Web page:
Edited By Bogusława Dobek-Ostrowska and Michał Głowacki
This book is a collective effort of scholars who elaborate on democracy, civil society and media-political relations in Central and Eastern Europe. The authors look at both theories and practices of media systems and democracy. They indicate problems, risks, challenges related to political transformations, the public sphere, journalism culture and media freedom. All of this while bearing in mind the growing role of new media, civic engagement in the online space as well as societal changes that Central and Eastern European democracies are going through in the second decade of the 21st Century. This book is a helpful companion to media and communication scholars as well as students of journalism and political science, media practitioners and policy makers in Central and Eastern Europe and beyond.
«A well-documented book on the mass media in a little explored area: Central Eastern Europe. Four models of media and politics are presented opening the floor for a wider scholarly debate.» (Paolo Mancini, Università di Perugia, Italy)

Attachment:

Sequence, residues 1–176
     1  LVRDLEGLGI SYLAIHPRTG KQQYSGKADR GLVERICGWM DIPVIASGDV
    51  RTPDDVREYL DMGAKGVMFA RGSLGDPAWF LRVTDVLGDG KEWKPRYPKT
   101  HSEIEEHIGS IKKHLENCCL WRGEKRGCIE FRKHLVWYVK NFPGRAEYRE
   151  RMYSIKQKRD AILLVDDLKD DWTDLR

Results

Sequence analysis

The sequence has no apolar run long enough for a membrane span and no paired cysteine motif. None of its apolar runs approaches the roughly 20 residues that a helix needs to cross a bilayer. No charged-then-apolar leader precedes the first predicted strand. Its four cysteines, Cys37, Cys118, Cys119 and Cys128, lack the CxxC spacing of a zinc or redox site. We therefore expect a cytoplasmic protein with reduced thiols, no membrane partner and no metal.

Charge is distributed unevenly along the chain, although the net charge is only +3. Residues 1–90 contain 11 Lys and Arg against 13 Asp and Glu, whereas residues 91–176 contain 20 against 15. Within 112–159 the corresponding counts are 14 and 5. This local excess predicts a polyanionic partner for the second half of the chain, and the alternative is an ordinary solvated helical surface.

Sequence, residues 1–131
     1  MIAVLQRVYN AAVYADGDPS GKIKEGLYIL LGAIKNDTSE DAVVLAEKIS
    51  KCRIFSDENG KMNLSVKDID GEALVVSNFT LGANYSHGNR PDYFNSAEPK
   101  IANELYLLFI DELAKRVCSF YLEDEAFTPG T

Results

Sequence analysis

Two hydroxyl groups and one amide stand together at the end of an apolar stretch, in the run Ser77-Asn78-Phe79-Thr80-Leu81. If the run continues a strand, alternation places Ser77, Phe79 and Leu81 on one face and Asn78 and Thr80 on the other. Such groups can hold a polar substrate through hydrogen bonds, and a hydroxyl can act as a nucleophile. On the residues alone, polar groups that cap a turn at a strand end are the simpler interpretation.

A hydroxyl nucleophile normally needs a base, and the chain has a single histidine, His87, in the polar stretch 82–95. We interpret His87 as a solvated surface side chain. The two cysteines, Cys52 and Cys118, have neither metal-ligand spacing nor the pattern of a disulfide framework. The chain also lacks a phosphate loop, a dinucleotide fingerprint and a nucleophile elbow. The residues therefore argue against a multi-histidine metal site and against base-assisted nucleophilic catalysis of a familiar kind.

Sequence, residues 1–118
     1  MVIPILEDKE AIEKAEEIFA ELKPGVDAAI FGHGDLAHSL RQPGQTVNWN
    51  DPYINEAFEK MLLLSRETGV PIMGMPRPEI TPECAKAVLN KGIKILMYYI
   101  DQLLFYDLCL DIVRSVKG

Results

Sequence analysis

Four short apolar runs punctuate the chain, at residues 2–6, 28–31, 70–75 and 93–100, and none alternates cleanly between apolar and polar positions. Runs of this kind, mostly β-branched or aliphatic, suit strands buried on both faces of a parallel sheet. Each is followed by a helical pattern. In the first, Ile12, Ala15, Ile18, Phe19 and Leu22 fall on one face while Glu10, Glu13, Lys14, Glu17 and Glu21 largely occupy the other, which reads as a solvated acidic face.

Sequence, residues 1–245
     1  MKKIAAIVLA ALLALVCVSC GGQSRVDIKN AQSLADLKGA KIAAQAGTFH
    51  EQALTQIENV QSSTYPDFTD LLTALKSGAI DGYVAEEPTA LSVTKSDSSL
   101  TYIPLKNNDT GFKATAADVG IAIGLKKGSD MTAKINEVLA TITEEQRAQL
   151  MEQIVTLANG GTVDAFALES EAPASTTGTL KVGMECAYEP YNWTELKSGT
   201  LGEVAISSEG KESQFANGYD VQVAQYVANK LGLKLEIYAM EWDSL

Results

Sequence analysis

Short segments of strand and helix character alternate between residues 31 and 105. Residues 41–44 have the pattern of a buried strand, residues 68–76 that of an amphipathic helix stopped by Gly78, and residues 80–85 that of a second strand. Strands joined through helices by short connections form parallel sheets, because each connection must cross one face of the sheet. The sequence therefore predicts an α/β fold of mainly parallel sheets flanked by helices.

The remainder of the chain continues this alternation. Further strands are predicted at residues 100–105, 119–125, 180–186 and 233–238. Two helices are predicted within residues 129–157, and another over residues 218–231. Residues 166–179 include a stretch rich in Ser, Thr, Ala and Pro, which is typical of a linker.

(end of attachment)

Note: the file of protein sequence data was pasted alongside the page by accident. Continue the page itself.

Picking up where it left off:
«This volume meets the continuing need to make sense of the changing worlds of journalism, journalists, and media. Each of the ten contributions is a well conceptualized, researched and thought out assessment of the pertinent issues and a springboard for further evaluations and model building. A great addition to the classroom and scholarship.» (Peter Gross, The University of Tennessee, USA)
Back to the future? Puzzling transformations of post-Soviet television
Natalija Mažeikienė & Kristina Juraitė
Vytautas Magnus University, Lithuania
Abstract: The goal of this chapter is to understand the transformations of the post-Soviet television field, while approaching changes in media production and consumption from Bourdieu’s field theory perspective. This aim is achieved through the structural analysis of the Soviet media field and its parameters, including different forms of capital, positions and dispositions, as well as habitus. On the basis of oral history interviews we seek to identify audience memories and critical accounts of the changes in the field of post-Soviet television. Structural analysis of television and public accounts reveal the role of both industry and audience operating within this changing professional field, as it is related to new production standards and practices, as well as changing habitus and cultural capital.
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